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Touching Distance by Rebecca Abrams
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Touching Distance (2008)

by Rebecca Abrams

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Summary: Talented young doctor Alec Gordon is mystified by a fever killing otherwise healthy new mothers. His methods to treat it are greeted with scepticism and are mostly unsuccessful. His accounts show that he is treating many more patients than can afford to pay for his services, and his colleagues at the hospital are not keen on his candour and lack of politics. At home, his wife is struggling with depression and flashbacks of her life in the West Indies. Based on a true story.

I know that the book is based on a true story, although you always have to wonder how much is “true story” and much is artistic licence… but the succession of deaths and the increasingly brutal methods attempting to save the mothers are shocking enough without knowing that it did actually happen! In the postscript, the author points out that the fever which was eventually discovered is still a major cause of death in less developed countries. As I found with The Memory Keeper’s Daughter, the historical aspect of medicine was fascinating – the ways which were accepted as best practice now seem almost barbaric.

I also thought that the demonstration of the social mix was an interesting idea and well-developed: the idea of a young doctor from a poor background, with a lawyer and a farmer for brothers, marrying into a once affluent family with sugar plantations in the West Indies; the settled politics and hostility to an outsider, particularly one who won’t play by the rules, etc.

I thought Alec Gordon was a bit too perfect and Elizabeth a bit too useless – in fact I found all the characters a little polarised, although Robbie was pleasantly well-rounded. Elizabeth had her own sub-story – her malaise at home, waiting for her husband to come back from house calls at the ends of the city, her detachment from her child – with which I didn’t have much patience. The marriage was depicted as very bitter, which seemed out of keeping with the two characters.

A pleasant and informative read, but not about to trouble literary prize committees. ( )
  readingwithtea | Oct 19, 2010 |
New novel ( )
  pharrm | Aug 23, 2009 |
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Amazon.com Product Description (ISBN 0330449524, Paperback)

It is 1790. After ten years’ training in the great medical schools of Europe, Alec Gordon has returned to Scotland to take up the post of physician in the Aberdeen Dispensary. Alec has ambitious plans for modernizing medical practice in the town, starting with the local midwives, whose ignorance and old-fashioned methods appal him.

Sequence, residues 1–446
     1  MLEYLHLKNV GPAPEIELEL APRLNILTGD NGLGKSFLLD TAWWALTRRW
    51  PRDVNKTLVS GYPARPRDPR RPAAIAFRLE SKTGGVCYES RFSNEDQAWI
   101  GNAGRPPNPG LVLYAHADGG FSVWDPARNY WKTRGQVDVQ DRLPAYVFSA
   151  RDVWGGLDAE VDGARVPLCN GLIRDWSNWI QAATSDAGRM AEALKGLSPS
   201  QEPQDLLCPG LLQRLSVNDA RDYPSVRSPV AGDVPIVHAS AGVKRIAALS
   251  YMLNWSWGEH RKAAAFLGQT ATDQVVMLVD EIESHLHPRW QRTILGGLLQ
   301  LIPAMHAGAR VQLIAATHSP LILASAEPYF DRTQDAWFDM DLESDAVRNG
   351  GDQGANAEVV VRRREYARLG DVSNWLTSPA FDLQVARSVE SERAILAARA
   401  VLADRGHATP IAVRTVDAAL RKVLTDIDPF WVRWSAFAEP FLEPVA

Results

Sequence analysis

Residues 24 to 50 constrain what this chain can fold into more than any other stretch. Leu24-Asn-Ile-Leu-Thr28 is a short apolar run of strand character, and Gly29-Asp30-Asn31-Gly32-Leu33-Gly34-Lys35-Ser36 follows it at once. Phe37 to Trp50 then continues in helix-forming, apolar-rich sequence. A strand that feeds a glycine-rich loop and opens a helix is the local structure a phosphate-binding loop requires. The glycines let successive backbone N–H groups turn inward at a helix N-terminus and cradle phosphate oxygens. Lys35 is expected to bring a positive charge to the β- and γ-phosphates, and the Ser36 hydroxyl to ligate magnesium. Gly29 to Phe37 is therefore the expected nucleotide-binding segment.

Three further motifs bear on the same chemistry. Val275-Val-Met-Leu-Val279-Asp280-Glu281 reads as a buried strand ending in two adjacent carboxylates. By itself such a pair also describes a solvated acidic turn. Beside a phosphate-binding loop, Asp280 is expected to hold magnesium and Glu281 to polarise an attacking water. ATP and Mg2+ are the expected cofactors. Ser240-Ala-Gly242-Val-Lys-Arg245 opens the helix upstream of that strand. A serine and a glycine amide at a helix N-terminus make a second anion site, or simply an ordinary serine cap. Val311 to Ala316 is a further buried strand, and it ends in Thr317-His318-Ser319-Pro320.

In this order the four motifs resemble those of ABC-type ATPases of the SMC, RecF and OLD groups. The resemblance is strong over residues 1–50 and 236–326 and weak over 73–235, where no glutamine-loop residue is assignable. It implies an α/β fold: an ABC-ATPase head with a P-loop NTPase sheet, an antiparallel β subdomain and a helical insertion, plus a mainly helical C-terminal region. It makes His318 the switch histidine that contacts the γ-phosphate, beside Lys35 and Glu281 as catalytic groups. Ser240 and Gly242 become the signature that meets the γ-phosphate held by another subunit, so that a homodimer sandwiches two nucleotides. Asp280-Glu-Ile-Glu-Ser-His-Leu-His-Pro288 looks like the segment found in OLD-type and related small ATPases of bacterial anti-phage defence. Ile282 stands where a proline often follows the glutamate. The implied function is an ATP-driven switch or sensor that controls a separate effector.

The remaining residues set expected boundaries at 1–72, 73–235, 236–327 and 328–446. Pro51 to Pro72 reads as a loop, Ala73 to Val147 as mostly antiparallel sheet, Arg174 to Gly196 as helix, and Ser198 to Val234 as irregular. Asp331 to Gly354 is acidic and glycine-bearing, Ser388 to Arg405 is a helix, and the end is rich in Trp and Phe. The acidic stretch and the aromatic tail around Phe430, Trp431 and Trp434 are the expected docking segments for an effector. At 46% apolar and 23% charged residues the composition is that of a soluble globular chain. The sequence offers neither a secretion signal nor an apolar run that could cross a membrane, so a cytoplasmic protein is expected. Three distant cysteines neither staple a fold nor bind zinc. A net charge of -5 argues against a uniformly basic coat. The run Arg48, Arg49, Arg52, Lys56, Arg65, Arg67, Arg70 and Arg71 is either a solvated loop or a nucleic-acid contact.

But Alec’s dreams of progress are thrown into disarray when a mysterious disease suddenly strikes the town, attacking and killing every newly delivered mother for miles around. Alec alone recognizes it as childbed fever, a disease more deadly than the plague, a condition that has baffled the greatest physicians of the age, an illness with no known cause and no known cure.

Desperate to save his patients’ lives, Alec sets out on an astonishing medical quest to conquer the disease. But while Alec struggles to find solutions that lie far in the future, his wife Elizabeth is increasingly lost in the past, prey to terrifying memories of her childhood in Antigua. As she knows and he will learn, some diseases lie beyond the reach of reason.

Based on a true story, Touching Distance is a stunning historical novel that brings to life a fascinating period in world history, exploring the tragic limitations of knowledge and the deep-seated tension between reason and passion in the Age of Enlightenment.

(retrieved from Amazon Thu, 12 Mar 2015 18:19:49 -0400)

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'Touching Distance' is a historical novel which explores the wider issues of the age: the abolition of the slave trade, civil unrest in America and the French Revolution. It tells of the tensions between reason and passion and of the corruption underlying the heart of a prosperous city.… (more)

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